eHarmony founder: Homosexuality is ‘a painful way for people to have to live’

Neil Clark Warren, the Christian co-founder of the dating site eHarmony, said he’s “tired” of the debate over marriage equality for gays and lesbians, and blamed same-sex marriage for damaging his company.

Neil Clark Warren

In an interview with CNBC/Yahoo!’s “Off the Cuff,” Warren also said that someone needs to “do a really first class job of figuring out homosexuality” because it’s “a painful way for a lot of people to have to live.”

“I think this issue of same-sex marriage within the next five to 15 years will be no issue anymore. We’ve made too much of it. I’m tired of it. It has really damaged our company,” Warren said, “and when the attorney general of the state of New Jersey decided that we had to put up a same-sex site and we did it out of counsel that if we didn’t do it we were not going to have any business in New Jersey — we literally had to hire guards to protect our lives because the people were so hurt and angry with us, were Christian people, who feel that it’s a violation to scripture.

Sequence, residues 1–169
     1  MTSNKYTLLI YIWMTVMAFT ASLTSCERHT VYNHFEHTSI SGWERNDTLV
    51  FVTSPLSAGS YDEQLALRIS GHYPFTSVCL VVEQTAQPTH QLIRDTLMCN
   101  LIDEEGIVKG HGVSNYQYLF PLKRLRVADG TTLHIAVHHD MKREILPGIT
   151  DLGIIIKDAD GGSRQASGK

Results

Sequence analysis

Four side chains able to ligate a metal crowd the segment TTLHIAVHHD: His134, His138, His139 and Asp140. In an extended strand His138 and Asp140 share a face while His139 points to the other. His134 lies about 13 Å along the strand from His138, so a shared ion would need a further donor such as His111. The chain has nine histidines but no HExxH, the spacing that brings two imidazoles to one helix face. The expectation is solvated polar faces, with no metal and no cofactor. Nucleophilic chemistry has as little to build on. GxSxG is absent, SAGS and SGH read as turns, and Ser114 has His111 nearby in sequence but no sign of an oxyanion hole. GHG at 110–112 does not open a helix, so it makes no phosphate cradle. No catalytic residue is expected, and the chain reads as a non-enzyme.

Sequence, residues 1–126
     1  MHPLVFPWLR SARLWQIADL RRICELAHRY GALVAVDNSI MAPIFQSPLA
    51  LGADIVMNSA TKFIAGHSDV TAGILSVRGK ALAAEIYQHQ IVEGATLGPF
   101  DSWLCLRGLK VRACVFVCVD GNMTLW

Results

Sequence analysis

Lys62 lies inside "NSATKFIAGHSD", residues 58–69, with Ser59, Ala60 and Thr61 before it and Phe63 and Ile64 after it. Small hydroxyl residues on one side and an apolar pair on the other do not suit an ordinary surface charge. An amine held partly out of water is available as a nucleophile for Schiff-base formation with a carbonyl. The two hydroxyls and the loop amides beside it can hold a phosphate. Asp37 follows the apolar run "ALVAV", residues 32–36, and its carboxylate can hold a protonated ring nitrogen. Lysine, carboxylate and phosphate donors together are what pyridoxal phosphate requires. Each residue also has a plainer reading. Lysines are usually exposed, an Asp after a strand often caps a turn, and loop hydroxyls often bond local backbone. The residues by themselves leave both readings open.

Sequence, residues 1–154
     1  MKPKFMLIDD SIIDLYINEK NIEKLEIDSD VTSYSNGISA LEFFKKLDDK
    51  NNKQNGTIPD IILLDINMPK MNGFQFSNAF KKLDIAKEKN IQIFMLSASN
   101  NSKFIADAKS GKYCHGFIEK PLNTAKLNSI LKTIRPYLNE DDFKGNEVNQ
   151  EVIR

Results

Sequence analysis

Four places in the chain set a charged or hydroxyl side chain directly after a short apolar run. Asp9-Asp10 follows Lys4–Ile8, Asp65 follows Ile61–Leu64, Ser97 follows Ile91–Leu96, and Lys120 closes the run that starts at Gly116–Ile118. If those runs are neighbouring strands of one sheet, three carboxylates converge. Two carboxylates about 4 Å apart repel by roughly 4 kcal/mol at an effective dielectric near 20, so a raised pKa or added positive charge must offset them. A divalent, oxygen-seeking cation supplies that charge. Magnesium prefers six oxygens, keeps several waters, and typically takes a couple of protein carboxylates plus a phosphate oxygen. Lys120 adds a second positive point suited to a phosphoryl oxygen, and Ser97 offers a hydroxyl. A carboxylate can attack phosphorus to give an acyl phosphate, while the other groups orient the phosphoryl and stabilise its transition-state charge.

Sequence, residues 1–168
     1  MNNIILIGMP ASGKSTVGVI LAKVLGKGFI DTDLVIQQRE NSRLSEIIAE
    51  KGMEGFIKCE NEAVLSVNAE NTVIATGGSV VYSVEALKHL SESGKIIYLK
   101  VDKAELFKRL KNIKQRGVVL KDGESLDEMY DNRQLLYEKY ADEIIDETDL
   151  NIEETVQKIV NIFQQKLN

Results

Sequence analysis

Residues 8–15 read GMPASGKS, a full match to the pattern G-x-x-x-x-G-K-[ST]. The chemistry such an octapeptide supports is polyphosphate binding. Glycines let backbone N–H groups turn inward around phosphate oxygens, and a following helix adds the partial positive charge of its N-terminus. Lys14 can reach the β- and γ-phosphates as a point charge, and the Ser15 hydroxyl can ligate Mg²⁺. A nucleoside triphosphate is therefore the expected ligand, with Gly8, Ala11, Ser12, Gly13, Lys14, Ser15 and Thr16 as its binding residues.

He continued, “I have said that eHarmony really ought to put up $10 million and ask other companies to put up money and do a really first class job of figuring out homosexuality. At the very best, it’s been a painful way for a lot of people to have to live. But at this point, at this age, I want America to start drawing together. I want it to be more harmonious.”

eHarmony, which in its early years primarily marketed to a Christian clientele, has been the target of numerous lawsuits over the years for its refusal to match same-sex couples.

In 2008, eHarmony reached a settlement with New Jersey’s Civil Rights Division in a discrimination case — the company agreed to launch a new website that would cater to same-sex couples. Compatible Partners was launched in 2009.

In 2010, eHarmony agreed to pay $500,000 and make its website more gay friendly by adding a”gay and lesbian dating” category to its main website to send users to its Compatible Partners site. The agreement was part of a settlement in a California class-action lawsuit.

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